|Born||Barry Alan Pincus
June 17, 1943
Brooklyn, New York, U.S.
Barry Manilow (born Barry Alan Pincus; June 17, 1943) is an American singer-songwriter, arranger, musician and producer with a career that has spanned more than 50 years. His hit recordings include "Mandy", "Can't Smile Without You", and "Copacabana (At the Copa)".
He recorded and released 47 Top 40 singles, including 12 that hit number one and 27 of which appeared within the top ten, and has released many multi-platinum albums. Although not a favorite artist of music critics, Manilow has been praised by entertainers including Frank Sinatra, who was quoted in the 1970s as saying, "He's next." In 1988, Bob Dylan stopped Manilow at a party, hugged him and said, "Don't stop what you're doing, man. We're all inspired by you."
As well as producing and arranging albums for himself and other artists, Manilow has written and performed songs for musicals, films, and commercials for corporations such as McDonald's, Pepsi-Cola, and Band-Aid, from the 1960s. He has been nominated for a Grammy Award (winning once) as a producer, arranger and performer a total of fifteen times (and in every decade) from 1973 to 2015. He has also produced Grammy nominated albums for Bette Midler, Dionne Warwick, Nancy Wilson and Sarah Vaughn. Manilow has sold more than 80 million records as a solo artist worldwide, making him one of the world's best-selling artists.
Manilow was born Barry Alan Pincus on June 17, 1943, in Brooklyn, New York, the son of Edna Manilow and Harold Pincus (who went by his own stepfather's surname, "Keliher"). His father was born to a Jewish father and an Irish-American Catholic mother, while his maternal grandparents were of Russian Jewish background.
Manilow grew up in the Williamsburg neighborhood of Brooklyn, and graduated in 1961 from Eastern District High School, which closed in 1995. It was in high school that he met his high school sweetheart Susan Deixler, who would become his wife in 1964. He enrolled in the City College of New York where he briefly studied before entering the New York College of Music. He also worked at CBS while he was a student in order to pay his expenses. Manilow's marriage soon conflicted with his career aspirations,and they separated after a year. In 1966, Deixler had the marriage annulled. In 2017, Manilow stated that, despite his later long-term relationship with a man, he was in love with Deixler and that his marriage to her dissolved because of his passion for a music career and that he was not ready to settle down (not due to any struggle with his sexuality).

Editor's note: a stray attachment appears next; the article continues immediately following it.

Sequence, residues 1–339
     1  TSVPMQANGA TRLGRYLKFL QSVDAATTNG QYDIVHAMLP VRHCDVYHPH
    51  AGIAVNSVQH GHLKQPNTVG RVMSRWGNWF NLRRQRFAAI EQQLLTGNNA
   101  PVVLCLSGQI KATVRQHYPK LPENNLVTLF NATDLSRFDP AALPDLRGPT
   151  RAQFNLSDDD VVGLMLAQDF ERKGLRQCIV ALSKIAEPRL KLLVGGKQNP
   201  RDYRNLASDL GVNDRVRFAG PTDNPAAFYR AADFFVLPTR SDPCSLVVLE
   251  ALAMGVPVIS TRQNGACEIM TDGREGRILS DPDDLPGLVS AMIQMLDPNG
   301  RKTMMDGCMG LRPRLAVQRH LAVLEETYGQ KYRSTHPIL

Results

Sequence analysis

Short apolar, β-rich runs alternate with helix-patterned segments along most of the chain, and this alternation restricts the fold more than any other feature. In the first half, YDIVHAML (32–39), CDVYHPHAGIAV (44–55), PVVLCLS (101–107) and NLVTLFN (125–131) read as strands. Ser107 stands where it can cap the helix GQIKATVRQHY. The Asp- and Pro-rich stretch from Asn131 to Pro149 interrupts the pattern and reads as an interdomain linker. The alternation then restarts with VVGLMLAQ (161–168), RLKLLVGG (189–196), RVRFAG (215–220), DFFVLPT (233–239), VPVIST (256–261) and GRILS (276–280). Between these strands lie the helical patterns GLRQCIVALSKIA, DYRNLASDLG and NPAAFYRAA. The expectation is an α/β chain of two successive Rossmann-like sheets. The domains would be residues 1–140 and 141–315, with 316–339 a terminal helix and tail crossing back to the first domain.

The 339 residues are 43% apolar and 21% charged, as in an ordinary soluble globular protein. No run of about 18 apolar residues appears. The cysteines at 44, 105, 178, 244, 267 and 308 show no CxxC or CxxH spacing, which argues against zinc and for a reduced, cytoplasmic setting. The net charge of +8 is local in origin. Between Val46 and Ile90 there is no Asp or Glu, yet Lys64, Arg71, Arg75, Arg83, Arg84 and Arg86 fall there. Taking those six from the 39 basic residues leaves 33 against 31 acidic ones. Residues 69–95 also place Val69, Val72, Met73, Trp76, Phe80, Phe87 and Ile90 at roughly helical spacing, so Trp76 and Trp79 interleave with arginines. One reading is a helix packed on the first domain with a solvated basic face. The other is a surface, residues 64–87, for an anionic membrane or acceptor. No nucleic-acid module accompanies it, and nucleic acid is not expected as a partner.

In 1964, Manilow met Bro Herrod, a CBS director, who asked him to arrange some songs for a musical adaptation of the melodrama The Drunkard. Instead, Manilow wrote an entire original score. Herrod used Manilow's composition in the Off Broadway musical, which had an eight-year run at New York's 13th Street Theatre. Manilow then earned money by working as a pianist, producer and arranger.
During this time, he began work as a commercial jingle writer and singer, which continued through the remainder of the 1960s. Many of the TV jingles he composed he would also perform, including State Farm Insurance ("Like a good neighbor, State Farm is there") or Band-Aid ("I am stuck on Band-Aid, 'cause Band-Aid's stuck on me!"), for which he adopted a childlike voice and wrote the music (Donald B Wood wrote the lyrics). His singing-only credits include commercials for Kentucky Fried Chicken, Pepsi ("all across the nation, it's the Pepsi generation"), McDonald's ("you deserve a break today"), and Dr Pepper. Manilow was awarded an Honorary Clio at the 50th Anniversary Clio Awards in Las Vegas in 2009 for his 1960s work as a jingle writer. When accepting the award, he stated that he learned the most about making pop music by working for three or four years as a writer in the jingle industry.